New procedure offers alternative to risky, traditional approach to aneurysm repairs at Piedmont Heart
Atlanta, Ga. (February 19, 2013) – A new surgery at Piedmont Heart Institute may help many Americans who suffer from abdominal aortic aneurysms, a bulge in the main blood vessel that runs through the stomach and carries blood from the heart to the rest of the body. It is estimated that 1.7 million people have this condition and more than 50,000 repairs are performed annually in the United States.
The condition, which can be life-threatening if the aneurysms burst and cause severe internal bleeding, is relatively common in men and those aged 65 and over. Despite this, approximately half of those with abdominal aortic aneurysms may not be candidates for traditional repairs.
“Until now, repairing complex or ruptured abdominal aneurysms was risky,” said Eyal Ben-Arie, M.D., a vascular surgeon with Piedmont Heart. “With this new minimally-invasive procedure, a fenestrated aortic stent-graft is used to reinforce openings and maintain blood flow to vessels that lead to other organs in the body.”
Dr. Ben-Arie performed this new procedure, called a fenestrated aortic endograft, for the first time at Piedmont Atlanta Hospital on February 6, 2013. Currently, the procedure is only available at Piedmont Heart and Emory University in Georgia and was one of the first performed in the state.
Instead of making a large incision in the stomach, doctors performing a fenestrated aortic endograft make a small cut near each hip. A small, fabric tube called a graft is inserted into the arteries and positioned in the appropriate blood vessel. Once in place, the graft seals off the aneurysm and makes a new path through which the blood flows.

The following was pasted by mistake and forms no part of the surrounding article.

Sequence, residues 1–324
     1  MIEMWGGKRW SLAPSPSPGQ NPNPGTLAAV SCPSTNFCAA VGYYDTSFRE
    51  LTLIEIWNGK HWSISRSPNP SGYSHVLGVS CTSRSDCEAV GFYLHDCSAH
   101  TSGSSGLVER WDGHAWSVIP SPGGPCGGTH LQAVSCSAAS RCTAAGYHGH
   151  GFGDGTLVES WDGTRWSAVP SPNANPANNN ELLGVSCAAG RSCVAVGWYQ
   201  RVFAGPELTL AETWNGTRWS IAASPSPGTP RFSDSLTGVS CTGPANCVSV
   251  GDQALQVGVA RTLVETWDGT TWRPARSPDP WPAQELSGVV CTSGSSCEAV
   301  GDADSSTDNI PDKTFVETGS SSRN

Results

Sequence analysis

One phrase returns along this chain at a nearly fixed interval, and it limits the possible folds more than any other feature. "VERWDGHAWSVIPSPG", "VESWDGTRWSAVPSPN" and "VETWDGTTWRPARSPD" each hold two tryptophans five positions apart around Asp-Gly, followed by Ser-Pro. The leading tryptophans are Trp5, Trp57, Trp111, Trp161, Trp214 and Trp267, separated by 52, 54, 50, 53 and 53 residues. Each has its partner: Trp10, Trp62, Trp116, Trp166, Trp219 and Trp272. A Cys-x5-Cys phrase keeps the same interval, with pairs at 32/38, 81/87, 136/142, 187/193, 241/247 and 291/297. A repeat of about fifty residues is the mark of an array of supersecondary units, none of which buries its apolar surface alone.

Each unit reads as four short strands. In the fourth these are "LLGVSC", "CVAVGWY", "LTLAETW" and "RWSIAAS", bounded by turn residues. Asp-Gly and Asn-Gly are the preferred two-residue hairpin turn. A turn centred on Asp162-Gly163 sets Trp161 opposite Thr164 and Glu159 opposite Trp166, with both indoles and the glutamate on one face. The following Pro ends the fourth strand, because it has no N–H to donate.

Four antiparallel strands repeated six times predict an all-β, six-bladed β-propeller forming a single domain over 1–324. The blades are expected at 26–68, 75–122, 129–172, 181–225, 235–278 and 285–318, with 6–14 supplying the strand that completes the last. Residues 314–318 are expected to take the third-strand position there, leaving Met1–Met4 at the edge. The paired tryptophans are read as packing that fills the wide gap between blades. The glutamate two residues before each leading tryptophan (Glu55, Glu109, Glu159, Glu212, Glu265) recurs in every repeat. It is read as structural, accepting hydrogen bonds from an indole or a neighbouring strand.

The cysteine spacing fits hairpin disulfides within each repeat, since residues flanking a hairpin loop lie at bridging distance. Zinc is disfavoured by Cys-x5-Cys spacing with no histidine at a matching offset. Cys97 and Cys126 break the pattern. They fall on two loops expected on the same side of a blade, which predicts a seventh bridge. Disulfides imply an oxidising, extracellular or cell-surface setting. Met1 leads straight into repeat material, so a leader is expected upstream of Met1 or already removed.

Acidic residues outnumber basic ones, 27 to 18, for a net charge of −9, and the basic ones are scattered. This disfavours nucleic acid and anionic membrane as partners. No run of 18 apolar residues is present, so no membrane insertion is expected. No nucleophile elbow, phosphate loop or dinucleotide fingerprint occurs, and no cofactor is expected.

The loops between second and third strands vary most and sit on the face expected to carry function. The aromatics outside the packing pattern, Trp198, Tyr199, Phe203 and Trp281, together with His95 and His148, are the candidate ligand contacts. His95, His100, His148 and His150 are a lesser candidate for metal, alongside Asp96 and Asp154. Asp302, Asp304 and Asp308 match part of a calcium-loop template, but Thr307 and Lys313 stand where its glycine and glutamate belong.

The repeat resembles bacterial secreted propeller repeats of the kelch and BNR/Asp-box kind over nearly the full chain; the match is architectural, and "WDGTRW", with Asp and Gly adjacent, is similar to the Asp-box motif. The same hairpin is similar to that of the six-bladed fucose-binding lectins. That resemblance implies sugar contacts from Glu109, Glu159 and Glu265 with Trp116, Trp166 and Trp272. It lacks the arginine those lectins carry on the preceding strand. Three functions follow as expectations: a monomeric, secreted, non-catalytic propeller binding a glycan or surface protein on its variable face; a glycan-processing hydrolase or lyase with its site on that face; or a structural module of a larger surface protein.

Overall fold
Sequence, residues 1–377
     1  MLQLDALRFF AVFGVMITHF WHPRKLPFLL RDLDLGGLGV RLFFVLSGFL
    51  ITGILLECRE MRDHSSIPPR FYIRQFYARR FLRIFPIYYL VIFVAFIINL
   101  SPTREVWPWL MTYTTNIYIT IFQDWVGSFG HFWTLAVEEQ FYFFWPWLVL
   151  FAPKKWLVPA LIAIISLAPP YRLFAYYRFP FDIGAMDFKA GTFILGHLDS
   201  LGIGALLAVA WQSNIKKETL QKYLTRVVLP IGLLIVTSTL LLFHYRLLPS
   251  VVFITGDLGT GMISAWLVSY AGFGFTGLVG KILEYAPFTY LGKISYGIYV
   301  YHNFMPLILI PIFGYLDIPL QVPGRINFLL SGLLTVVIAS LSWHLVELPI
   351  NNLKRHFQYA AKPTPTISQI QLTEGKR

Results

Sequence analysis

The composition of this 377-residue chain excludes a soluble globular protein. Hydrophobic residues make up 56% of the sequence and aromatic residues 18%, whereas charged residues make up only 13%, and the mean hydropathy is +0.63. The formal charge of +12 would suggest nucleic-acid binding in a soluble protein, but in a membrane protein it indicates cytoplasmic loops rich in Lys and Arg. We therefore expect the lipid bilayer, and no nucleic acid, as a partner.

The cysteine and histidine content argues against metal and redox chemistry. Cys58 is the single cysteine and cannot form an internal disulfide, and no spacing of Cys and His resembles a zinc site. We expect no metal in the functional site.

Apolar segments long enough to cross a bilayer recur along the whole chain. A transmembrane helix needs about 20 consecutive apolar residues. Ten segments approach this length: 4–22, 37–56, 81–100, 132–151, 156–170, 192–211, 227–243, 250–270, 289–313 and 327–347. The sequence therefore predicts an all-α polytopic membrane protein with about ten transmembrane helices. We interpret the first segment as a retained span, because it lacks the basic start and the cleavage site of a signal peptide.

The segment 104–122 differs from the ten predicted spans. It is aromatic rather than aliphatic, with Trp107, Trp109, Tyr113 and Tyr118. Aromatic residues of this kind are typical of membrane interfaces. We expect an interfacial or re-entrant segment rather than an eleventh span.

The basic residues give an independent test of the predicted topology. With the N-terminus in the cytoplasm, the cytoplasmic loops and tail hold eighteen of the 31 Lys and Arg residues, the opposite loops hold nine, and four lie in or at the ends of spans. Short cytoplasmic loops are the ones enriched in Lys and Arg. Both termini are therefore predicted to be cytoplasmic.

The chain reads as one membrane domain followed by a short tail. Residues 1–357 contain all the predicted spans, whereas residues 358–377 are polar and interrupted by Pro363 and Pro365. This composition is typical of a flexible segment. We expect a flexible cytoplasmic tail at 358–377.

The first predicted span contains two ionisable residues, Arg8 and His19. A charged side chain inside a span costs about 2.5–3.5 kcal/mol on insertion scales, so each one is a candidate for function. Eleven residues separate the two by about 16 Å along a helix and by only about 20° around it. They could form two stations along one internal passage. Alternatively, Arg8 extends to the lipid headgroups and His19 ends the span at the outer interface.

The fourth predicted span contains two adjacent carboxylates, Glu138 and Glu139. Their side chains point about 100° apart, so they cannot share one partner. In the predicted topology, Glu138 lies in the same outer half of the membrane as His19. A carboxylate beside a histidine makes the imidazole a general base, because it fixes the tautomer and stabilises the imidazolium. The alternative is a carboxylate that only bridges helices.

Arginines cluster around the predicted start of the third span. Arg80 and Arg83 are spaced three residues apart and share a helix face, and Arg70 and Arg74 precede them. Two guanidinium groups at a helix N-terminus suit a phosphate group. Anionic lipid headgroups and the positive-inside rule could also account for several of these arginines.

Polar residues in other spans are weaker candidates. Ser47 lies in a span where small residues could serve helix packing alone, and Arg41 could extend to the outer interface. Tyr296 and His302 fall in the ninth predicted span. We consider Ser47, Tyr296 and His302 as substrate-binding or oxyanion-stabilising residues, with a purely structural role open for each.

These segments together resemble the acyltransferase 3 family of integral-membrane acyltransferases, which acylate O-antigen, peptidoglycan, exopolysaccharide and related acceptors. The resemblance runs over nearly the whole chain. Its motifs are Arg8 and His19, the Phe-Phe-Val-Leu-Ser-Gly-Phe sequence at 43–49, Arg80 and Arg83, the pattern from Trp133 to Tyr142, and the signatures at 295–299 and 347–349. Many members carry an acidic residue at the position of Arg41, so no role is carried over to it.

“Patients who get this new procedure may go home after a very short hospital stay, generally do not require an ICU stay or a transfusion, and experience minimal pain after surgery,” said Dr. Ben-Arie.
Those at risk for developing an abdominal aortic aneurysm include those who smoke, have a family history of aortic aneurysms, have high blood pressure, high cholesterol or a plaque buildup in and on artery walls restricting blood flow (atherosclerosis). Infection and trauma also can cause abdominal aortic aneurysms, according to the Centers for Disease Control and Prevention.
Sometimes, those who have abdominal aortic aneurysms may not experience symptoms. Commonly reported symptoms include a pulsating feeling in the stomach, pain or tenderness in the stomach or chest and back pain. If a risk for developing an abdominal aortic aneurysm is suspected, contact a primary care doctor.
Abdominal aortic aneurysms, when discovered at a small size, do not pose an immediate health risk; however, over time, the blood vessel walls can weaken and become thinner, causing the aneurysm to rupture and possibly leading to severe internal bleeding and death.
For more information on abdominal aortic aneurysms and other heart conditions, visit piedmontheart.org.